Hardenbergia Violacea



Through the wonder of encoded DNA, the Hardenbergia always knows it’s time to bloom. Don’t you just love nature?

It’s a lush vine most of the year, with glossy green leaves. The vines twist like rope, braiding themselves around the trellis. It’s easy to forget it’s there. Then year after year, when February rolls around, tiny purple clusters begin to form. It’s subtle at first, with just the hint of lavender. Within a week, it’s like time-lapse photography. Brilliant purple flowers cluster at the tips of the vines, putting on a show that last two weeks.

Then, as quickly as they appear, it’s over. I find myself searching for the last few clusters here and there, until they really are gone.

The vine, pictured below, grows against the fence outside my laundry room.  If you’re going to do laundry, I can’t think of better company.

Hardenbergia Vine

Hardenbergia Vine

Hardenbergia, Member of the Pea Family

Hardenbergia, Member of the Pea Family

March Haiku

March Winds

March winds fiercely blew.
Leaves gathered on the doorstep
I don’t need a rake!

Icy Water

Icy water flows,
fallen leaves how you vex me.
Mold in one hour.

Visiting Feline

Visiting feline
graces our garden each day.
Does your mama know?

Neighborhood Squirrel

Neighborhood tree squirrel
amassing a trove of nuts,
please spare my new lawn.


Monosyllabic flower
you’re one-third haiku.

You can learn more about the origins of the ancient Japanese poetry style Haiku here.

How to write a Haiku poem from Creative Writing Now.

About the Haiku Master From Wikipedia:

Matsuo Bashō (松尾 芭蕉?, 1644 – November 28, 1694), born Matsuo Kinsaku (松尾 金作?), then Matsuo Chūemon Munafusa (松尾 忠右衛門 宗房?),[1][2] was the most famous poet of the Edo period in Japan. During his lifetime, Bashō was recognized for his works in the collaborative haikai no renga form; today, after centuries of commentary, he is recognized as a master of brief and clear haiku. His poetry is internationally renowned, and within Japan many of his poems are reproduced on monuments and traditional sites.

Garden Wanderings: The Good, The Bad and The Ugly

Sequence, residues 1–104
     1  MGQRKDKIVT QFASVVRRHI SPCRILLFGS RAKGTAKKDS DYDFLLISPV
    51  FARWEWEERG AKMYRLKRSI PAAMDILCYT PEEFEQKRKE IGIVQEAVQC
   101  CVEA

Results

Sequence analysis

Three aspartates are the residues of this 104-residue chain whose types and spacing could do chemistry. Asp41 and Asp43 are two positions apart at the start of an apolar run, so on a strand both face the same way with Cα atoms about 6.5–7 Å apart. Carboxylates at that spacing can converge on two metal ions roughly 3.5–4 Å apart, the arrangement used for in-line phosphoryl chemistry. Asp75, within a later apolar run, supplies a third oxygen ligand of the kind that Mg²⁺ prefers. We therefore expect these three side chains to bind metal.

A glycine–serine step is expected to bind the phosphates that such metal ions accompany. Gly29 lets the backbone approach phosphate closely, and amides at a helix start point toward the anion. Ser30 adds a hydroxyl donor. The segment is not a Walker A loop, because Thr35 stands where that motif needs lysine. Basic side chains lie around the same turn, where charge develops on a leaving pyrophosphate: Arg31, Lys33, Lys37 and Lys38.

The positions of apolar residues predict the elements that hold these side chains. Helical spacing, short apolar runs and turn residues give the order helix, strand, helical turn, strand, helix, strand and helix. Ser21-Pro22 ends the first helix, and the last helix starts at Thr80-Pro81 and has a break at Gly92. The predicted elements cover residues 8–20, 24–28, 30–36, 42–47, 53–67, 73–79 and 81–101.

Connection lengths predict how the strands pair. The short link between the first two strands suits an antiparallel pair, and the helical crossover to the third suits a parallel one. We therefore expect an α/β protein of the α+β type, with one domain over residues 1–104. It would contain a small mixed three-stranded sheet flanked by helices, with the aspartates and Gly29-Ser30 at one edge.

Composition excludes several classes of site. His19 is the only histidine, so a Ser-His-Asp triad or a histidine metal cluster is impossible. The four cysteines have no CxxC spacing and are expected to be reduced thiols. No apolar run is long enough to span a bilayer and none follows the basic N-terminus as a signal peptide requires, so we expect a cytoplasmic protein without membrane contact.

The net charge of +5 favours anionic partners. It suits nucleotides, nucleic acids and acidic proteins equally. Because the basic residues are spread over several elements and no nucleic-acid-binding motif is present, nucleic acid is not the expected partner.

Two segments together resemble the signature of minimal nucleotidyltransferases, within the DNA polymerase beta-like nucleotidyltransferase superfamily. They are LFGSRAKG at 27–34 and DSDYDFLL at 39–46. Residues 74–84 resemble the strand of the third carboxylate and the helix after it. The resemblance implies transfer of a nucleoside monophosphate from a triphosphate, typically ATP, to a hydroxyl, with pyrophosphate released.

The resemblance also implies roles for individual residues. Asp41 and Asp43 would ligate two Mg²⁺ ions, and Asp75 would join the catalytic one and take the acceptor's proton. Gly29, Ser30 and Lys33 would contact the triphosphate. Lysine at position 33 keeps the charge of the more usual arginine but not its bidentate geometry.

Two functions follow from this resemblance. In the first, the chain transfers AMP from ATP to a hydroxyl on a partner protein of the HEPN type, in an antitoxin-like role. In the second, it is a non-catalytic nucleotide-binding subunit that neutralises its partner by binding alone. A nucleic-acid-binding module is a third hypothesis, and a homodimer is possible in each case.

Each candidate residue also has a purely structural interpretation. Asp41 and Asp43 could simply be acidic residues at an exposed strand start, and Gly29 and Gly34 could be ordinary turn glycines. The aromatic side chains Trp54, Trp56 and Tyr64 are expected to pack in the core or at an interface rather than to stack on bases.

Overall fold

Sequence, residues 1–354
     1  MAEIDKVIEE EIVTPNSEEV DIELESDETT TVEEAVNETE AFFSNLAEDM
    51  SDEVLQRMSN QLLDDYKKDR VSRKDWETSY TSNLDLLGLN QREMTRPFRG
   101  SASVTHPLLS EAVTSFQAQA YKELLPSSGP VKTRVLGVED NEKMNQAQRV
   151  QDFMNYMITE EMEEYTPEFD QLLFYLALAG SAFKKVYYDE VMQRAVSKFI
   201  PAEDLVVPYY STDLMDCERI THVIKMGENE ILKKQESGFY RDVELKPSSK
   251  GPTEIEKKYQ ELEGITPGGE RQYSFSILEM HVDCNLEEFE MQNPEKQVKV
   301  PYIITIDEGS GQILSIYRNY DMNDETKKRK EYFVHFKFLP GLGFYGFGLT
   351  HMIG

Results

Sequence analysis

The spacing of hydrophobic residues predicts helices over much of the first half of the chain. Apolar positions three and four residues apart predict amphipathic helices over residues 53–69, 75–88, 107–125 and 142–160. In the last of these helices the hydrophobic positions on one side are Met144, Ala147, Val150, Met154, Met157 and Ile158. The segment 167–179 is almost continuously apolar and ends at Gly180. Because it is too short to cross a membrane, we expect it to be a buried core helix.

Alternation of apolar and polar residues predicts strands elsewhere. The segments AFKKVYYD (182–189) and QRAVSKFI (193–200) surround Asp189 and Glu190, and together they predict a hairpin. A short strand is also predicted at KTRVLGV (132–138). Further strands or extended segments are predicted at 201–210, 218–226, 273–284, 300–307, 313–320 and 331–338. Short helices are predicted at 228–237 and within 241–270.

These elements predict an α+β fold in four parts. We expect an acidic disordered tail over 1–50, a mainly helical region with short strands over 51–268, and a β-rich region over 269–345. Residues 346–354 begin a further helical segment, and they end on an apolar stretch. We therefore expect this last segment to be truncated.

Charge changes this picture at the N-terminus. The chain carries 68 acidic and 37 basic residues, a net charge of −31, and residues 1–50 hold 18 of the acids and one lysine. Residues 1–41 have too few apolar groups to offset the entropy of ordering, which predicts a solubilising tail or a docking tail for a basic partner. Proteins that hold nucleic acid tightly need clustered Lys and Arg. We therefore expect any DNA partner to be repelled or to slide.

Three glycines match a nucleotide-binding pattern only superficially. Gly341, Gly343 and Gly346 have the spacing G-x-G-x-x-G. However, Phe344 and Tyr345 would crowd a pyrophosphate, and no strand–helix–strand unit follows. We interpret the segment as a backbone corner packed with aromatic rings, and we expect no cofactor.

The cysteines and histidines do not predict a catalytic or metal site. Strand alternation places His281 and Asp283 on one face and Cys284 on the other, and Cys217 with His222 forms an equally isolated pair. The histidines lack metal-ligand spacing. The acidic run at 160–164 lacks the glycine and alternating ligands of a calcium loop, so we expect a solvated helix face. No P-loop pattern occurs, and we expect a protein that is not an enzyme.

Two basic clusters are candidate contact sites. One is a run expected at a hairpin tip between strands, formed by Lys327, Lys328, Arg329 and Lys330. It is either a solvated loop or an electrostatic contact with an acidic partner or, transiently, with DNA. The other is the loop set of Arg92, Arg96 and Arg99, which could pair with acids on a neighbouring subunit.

It’s fun traversing the garden with my camera in hand.  The lens helps me see things in a different light, though I’m not always able to capture it.  Beautiful, golden grasses grow at the edge of our garden, but I’ve never been able to record and share their beauty as they move in the wind, offset by the vivid blue sky.  The grasses remind me of a film from my childhood of “amber waves of grain.”

In reality, not everything in the garden is as beautiful as amber waves of grain.  This month I’ve decided to capture the good (flowering vines), the bad (frost damage) and the ugly (pine sap) of my recent garden wanderings.  Here goes:

Hardenbergia violacea 'Happy Wanderer' (Purple Vine Lilac)

Wrapping Around the Trellis

Daphne Odora

Frost-damaged Ferns

Pine Sap Clings to the Cat Netting

Pruning at a Price

I got ahead of myself on Monday and I’ve paid for it all week.

I love pruning. It appeals to my organizing side: tackling a rambling shrub or vine and bringing the wandering branches back under control. Taming the beast, so to speak, at least temporarily. After reading up on the additional sun needed for my winter garden, I got down to business. The hardenbergia hadn’t seen a hard prune in six years. It was time. Pruning would allow additional sunlight to shine on the garden beds as summer waned.

Up and down the ladder I went, in the morning before it got too hot; again in the evening before dark. My neighbor helped from the other side of the fence while my husband sharpened tools. My youngest son pulled twigs from the lattice and eventually we tamed the vine. Over the years the vines “braided” themselves around each other, up along the fence, through the cat fencing and around the supports. Pruning felt like the dismantling of a puzzle.

Braided Hardenbergia Vines

Empowered by my success, I tackled the Pittosporum next. My boys started new schools Monday, so I was employing the “busy hands” technique to keep from worrying.

My inner obsessive gardener took hold and I sawed, chopped and trimmed branches for an hour and a half.


Satisfied with my progress and sticky from sap, I finally relented. Sadly, it was too late. My neck ached, then throbbed and by day’s-end I was miserable. I employed the usual “cast of characters” including a hot bath, topical analgesic and a couple of naproxen.

The next day I felt worse. I tried ice, more analgesics and even slept wearing my trusty cervical collar that night. By Wednesday a migraine moved in and I finally called my chiropractor. Darn if she wasn’t out-of-town!

Five days later I’m almost myself again. It’s hard to give up or give in to your body’s woes; to admit that you aren’t as young as you once were. Age and a series of auto accidents have robbed me of my once-nimble neck. It’s time to call in the pruning professionals. The price for the pleasure of pruning is officially too high.